Washington State LLC Tax Rate: Everything You Need to Know
The Washington state LLC tax rate is variable and depends on taxable net income.3 min read
The Washington state LLC tax rate is variable and depends on taxable net income. One advantage of an LLC when it comes to tax time is flexibility. The members of the LLC determine how the business will be classified for taxes on a federal level. An LLC can be classified as a sole proprietorship, a partnership, or a corporation.
Starting a Washington State LLC
If you are considering filing a Washington LLC, you will want to be aware of the taxation that will occur in your business. To start a Washington LLC, you must file the Washington Articles of Organization with the Washington secretary of state. A Washington LLC can be started with one or more people. The members of the LLC are not required to be listed in the Articles of Organization.
A Washington state LLC will be taxed in several different ways:
- Federal income tax
- State business tax
- State employer tax
- Sales and use tax
- Business and Occupation Tax.
Federal Income Tax
Sole proprietorships and single member LLCs are treated the same under the tax code. In this case, the individual simply reports business profits on his or her individual 1040 tax return. Just like any other self-employment business, self-employment taxes are owed on the net income of a Washington LLC.
Many LLCs that consist of multiple members decide to file as a partnership, using IRS form 1065. In this case, the profits of the business are divided among the owners per the agreement. Each individual owner then reports his or her share of the profits on his or her individual 1040 tax form.
With any Washington LLC, profits are always taxed to the owners, whether or not the profit was actually distributed. If the profits went back into the business to pay expenses, the owners are still taxed on this money regardless.
An LLC can also choose to be taxed as a corporation by filling out IRS form 8832. This may be an option for those looking to avoid pass-through taxes. If this is elected, the federal government taxes the business as a C corporation.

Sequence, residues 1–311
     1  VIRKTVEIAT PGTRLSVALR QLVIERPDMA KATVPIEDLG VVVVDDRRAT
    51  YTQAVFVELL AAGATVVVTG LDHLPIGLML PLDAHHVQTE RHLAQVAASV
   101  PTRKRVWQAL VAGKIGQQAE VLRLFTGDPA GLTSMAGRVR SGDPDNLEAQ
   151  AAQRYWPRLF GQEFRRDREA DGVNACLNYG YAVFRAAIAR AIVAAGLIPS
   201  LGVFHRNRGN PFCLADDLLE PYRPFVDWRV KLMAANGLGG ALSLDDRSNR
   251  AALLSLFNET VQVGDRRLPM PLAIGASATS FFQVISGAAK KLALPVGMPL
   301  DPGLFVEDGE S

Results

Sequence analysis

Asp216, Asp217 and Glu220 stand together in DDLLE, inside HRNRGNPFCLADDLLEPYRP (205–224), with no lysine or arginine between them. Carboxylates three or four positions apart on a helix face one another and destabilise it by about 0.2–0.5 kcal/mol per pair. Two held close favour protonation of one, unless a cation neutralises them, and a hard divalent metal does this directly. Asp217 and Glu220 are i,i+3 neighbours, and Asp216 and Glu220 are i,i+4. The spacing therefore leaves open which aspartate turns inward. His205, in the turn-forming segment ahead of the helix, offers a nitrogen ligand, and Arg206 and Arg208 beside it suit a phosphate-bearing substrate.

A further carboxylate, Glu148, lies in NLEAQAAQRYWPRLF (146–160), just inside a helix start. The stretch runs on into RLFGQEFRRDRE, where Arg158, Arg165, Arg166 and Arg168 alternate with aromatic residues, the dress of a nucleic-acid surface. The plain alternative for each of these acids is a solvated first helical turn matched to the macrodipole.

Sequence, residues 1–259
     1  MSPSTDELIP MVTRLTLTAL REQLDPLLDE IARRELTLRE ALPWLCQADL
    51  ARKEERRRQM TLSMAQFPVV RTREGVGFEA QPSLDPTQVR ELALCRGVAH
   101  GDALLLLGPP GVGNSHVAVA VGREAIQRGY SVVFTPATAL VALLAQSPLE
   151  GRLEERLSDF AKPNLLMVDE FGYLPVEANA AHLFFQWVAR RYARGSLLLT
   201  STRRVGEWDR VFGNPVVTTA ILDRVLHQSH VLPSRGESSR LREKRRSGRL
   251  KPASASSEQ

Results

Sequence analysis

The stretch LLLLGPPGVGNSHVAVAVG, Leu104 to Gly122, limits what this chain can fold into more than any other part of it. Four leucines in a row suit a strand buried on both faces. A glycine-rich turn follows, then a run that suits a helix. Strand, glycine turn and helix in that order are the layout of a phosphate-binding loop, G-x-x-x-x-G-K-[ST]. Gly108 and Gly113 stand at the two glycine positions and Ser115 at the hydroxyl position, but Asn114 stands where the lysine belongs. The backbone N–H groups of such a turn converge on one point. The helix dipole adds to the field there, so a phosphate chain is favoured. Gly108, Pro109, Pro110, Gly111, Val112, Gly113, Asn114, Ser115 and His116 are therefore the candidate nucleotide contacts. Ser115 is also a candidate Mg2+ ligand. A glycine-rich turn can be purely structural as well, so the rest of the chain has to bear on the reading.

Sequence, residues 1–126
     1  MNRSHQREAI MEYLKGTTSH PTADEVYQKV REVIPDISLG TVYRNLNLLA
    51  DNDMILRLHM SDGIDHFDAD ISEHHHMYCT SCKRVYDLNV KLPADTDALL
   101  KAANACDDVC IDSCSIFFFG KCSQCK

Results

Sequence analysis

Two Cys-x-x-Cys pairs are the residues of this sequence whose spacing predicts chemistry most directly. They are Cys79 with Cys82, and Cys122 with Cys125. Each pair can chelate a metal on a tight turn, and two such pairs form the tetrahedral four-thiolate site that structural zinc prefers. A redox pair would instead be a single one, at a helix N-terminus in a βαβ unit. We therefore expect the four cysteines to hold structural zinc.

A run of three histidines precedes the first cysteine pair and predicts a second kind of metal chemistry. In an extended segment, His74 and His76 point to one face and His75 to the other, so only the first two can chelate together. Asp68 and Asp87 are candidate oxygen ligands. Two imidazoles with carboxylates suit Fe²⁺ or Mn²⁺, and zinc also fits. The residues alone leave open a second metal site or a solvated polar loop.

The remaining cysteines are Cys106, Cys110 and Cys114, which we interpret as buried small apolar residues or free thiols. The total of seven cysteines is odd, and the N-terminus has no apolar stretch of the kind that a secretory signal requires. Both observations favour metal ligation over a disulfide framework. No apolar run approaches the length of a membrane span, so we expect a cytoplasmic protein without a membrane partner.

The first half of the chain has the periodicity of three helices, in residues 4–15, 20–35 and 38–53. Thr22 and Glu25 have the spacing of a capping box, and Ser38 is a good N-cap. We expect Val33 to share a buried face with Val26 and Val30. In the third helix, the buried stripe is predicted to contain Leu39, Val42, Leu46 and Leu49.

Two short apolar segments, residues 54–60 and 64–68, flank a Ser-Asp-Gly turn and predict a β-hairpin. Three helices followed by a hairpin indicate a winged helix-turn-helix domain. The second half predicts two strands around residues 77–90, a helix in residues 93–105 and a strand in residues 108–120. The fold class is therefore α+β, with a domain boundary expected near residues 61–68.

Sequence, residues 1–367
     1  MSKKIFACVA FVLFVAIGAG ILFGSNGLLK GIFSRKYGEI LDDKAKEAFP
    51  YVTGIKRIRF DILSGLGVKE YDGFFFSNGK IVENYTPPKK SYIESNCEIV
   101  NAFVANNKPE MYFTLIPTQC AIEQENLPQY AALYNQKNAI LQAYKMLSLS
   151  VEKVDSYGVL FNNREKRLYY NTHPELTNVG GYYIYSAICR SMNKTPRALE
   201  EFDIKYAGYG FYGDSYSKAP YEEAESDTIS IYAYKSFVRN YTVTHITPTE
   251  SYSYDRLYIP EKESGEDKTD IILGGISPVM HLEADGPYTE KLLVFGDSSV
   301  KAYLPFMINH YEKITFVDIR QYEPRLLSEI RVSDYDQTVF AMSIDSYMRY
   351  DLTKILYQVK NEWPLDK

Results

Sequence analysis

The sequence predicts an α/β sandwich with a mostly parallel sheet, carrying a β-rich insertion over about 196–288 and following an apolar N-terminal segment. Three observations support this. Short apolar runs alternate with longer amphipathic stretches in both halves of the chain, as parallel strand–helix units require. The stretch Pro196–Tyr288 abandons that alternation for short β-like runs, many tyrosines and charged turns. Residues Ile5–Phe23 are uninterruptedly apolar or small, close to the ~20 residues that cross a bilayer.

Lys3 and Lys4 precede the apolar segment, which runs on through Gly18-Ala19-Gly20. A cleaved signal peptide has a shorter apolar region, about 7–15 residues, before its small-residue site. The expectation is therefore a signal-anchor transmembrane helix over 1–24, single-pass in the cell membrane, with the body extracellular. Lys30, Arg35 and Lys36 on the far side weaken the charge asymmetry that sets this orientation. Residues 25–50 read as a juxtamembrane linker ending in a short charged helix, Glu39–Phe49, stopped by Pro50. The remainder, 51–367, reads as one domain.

State Business Tax
Washington state does not have personal or corporation income tax, and it is one of the few states that does not. Because there is no income tax, most LLCs will not owe any state tax. This holds true both for LLCs that have elected to be taxed as a pass-through and LLCs that have elected to be taxed as a corporation.
State Employer Tax
State employer tax is only applicable for Washington state LLC businesses that have employees. The business will need to register to pay taxes for state unemployment insurance through Washington's Employment Security Department.
This is a simple enough tax to complete, and it can be completed online through the website of the state's Business Licensing Services or through Form BLS-700-028. This tax requires that each quarter, the business pays UI (Unemployment Insurance) taxes and report wages paid out.
Sales and Use Taxes
Sales and Use Taxes are applicable to any business that sells products in the state of Washington, and it requires the business to collect and pay sales taxes on a periodic basis.
To comply with this tax, the business will need to register online with the Department of Revenue, Business Licensing Services. You can also download a paper business license application. The tax returns will need to be filed periodically, such as quarterly or monthly.
In Washington, the current sales tax is 6.5 percent. Depending on the locale where your goods are sold, there may be extra taxes that the city, the special district, or the county adds. Washington is a designation-based state, and the sales tax is determined by the address in which the product is shipped to, not necessarily where it is sold.
Business and Occupation Tax
Business and Occupation tax is a tax applied to any business operating in Washington state to pay for the privilege of operating a business in the state. Business and Occupation tax for a business is based on the classification of the business. Example classifications are:
Thirty-nine cities in Washington have a business and organization tax on top of the state tax.
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